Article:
Our guide led us through a series of wooden stairs, ladders, and rope handrails into a fascinating flooded underworld. A maze of tunnels, arches and tidepools are located throughout the baths and in some cases, we had to crawl on our bellies through tight spaces and descend narrow ladders. We laughed as we felt more like spelunkers than Caribbean beach goers. Often our voices were muffled by the sounds of splashing water from ocean tides gently sloshing through this otherworldly realm.

Descent Into The Underworld  Michael Kompanik

Every twist and turn yielded yet another unbelievable site—hidden rooms with shafts of light streaming through and grottos leading to even more remarkable finds.

Hiking Through The Baths  Michael Kompanik

Inside The Cathedral Room At The Baths  Michael Kompanik

The Cathedral Room, a stunning cavernous space, is the most photographed site inside the baths. Softly lit by rays of sunlight filtering down through small overhead gaps, its vertical rocks form an astonishing tall, deep, triangular shaped cavern. The towering slanted ceiling made the room appear like some ancient Stonehenge creation. Voices can echo loudly off the cavern walls, and yet, most explorers spoke in hushed tones. It was an almost religious experience.

Cathedral Room At The Baths  Michael Kompanik

A twisting path out of the Bath’s cavernous depths opened to a spectacular clearing offering stunning views of the sheltered horseshoe-shaped Devil’s Bay. A scattering of outlying boulders framed the natural beauty of this secluded cove. Nestled along the beach and in the water, they provided picture-perfect postcard views.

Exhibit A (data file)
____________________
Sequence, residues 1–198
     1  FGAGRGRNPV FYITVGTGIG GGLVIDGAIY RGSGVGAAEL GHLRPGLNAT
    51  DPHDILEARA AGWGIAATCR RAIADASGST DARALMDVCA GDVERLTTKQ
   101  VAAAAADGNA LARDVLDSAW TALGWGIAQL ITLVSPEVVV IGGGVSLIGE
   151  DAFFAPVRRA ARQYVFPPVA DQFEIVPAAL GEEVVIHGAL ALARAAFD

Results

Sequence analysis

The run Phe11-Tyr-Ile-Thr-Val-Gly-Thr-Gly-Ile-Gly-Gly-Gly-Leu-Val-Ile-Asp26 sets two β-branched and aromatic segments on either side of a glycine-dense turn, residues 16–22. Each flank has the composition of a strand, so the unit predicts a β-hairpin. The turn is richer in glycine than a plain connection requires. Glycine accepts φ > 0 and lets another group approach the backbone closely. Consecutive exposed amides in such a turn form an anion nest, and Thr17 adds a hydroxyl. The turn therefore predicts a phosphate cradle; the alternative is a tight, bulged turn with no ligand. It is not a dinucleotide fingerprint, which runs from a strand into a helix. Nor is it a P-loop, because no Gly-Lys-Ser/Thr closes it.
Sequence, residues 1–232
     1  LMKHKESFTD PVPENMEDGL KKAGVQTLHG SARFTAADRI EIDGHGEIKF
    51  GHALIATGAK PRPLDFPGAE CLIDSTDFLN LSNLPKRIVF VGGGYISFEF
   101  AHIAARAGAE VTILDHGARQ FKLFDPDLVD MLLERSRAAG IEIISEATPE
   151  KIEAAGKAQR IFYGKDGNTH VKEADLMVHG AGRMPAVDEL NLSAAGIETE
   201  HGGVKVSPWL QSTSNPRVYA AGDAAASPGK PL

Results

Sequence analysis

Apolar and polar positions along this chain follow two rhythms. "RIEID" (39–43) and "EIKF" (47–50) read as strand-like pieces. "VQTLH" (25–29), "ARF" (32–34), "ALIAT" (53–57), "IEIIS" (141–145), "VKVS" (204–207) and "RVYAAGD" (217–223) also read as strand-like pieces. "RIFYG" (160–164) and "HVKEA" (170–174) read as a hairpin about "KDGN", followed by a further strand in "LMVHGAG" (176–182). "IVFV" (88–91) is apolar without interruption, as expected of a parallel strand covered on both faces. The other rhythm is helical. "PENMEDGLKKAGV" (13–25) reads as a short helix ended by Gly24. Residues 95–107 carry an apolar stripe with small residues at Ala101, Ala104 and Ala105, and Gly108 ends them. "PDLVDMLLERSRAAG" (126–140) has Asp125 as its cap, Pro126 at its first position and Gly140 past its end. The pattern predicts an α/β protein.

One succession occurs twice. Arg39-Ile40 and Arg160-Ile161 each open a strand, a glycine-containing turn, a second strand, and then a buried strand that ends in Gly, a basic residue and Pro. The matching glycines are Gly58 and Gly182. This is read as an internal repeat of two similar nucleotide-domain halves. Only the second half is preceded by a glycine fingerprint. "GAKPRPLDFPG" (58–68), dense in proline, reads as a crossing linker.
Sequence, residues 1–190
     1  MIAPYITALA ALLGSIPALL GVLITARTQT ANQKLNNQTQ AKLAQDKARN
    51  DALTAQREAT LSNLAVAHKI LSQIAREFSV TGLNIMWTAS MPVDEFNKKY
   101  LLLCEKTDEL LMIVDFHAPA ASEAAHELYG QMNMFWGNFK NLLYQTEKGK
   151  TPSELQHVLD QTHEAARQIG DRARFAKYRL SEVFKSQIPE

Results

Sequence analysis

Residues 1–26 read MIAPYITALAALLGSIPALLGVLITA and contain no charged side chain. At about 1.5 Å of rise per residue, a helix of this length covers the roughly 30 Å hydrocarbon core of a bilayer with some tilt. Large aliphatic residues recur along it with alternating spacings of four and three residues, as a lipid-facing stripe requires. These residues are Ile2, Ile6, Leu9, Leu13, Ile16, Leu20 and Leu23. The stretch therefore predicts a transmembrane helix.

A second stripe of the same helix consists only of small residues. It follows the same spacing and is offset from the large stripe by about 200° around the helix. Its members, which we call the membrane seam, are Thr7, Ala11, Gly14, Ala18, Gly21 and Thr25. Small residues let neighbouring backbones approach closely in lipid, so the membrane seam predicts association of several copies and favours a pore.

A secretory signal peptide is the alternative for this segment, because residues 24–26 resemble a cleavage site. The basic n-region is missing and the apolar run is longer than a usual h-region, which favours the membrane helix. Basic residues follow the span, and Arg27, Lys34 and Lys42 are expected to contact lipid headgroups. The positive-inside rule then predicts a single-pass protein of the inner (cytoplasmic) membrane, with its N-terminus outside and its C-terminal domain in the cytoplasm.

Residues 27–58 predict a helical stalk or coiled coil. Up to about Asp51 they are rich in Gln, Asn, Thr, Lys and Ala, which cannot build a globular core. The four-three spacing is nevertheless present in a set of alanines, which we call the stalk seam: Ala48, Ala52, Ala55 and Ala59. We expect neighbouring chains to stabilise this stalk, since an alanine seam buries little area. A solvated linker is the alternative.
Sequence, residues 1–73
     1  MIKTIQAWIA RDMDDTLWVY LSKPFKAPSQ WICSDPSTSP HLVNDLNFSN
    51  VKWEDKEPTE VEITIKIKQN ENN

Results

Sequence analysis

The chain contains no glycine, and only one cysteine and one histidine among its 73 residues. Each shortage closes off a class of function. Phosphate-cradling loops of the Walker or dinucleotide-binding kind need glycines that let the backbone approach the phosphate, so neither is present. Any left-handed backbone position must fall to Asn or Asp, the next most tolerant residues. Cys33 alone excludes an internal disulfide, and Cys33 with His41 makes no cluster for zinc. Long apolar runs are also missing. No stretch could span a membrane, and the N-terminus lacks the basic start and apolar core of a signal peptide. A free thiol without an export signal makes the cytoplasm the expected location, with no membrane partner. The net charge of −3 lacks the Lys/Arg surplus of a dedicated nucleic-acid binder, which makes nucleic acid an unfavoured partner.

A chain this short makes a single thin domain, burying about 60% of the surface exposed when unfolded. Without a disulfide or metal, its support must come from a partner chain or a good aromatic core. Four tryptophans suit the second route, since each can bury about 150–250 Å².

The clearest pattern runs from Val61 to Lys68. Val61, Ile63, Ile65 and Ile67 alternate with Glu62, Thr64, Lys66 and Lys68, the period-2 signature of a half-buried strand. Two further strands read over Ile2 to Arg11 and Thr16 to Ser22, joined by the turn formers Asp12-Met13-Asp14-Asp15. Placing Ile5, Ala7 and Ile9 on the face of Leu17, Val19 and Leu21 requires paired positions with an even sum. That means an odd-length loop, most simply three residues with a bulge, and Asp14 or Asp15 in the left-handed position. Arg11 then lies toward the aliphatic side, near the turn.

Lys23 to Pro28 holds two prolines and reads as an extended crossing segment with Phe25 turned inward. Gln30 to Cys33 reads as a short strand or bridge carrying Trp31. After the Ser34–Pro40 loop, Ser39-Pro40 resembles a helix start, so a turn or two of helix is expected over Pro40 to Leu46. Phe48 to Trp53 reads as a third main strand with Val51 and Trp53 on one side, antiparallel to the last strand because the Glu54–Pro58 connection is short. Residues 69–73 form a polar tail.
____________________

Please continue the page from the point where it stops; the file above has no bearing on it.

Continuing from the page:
Devils Bay At The Baths  Michael Kompanik

A relaxing swim in calm turquoise waters ringed by shaded umbrellas offered a respite from our amazing hike as sailboats glided past and seagulls wheeled overhead in bluebird skies.

The inviting crystalline waters of the bay teeming with rays, blue tang and other tropical fish inspired us to don our snorkeling gear and explore more underground caves and coral reefs. At the southern end of the beach, a short trail leads to nearby Stoney Bay. Unlike Devil’s Bay, Stoney Bay’s windswept beaches face the crashing Atlantic surf casting weathered driftwood along its rocky coastline. It was like being on two different islands.

On our hike back to the top of Baths National Park, we regaled our amazement over the incredible, magnificent natural beauty of Virgin Gorda’s fascinating Baths. They did not disappoint, rather they proved to be so much more spectacular than even photos portray. Once experienced, one forever hears the Bath’s siren call. This mesmerizing discovery was so extraordinary and profound, we truly believe that any future trip to the Virgin Islands would be incomplete without a return to explore the majesty of the Virgin Gorda Baths.

Our sail back to St. Thomas took us past an archipelago of inlets, cays and islands, lush green mountains, and miles of secluded beaches. The natural beauty of the Baths and all that surrounded us reminded me of a quote by Jules Reynard. “On earth there is no heaven but there are pieces of it.” It couldn’t be more fitting. We truly experienced a resplendent piece of heaven that magical day. And we couldn’t have been more grateful.

©Michael Kompanik

Last modified on Monday, 01 March 2021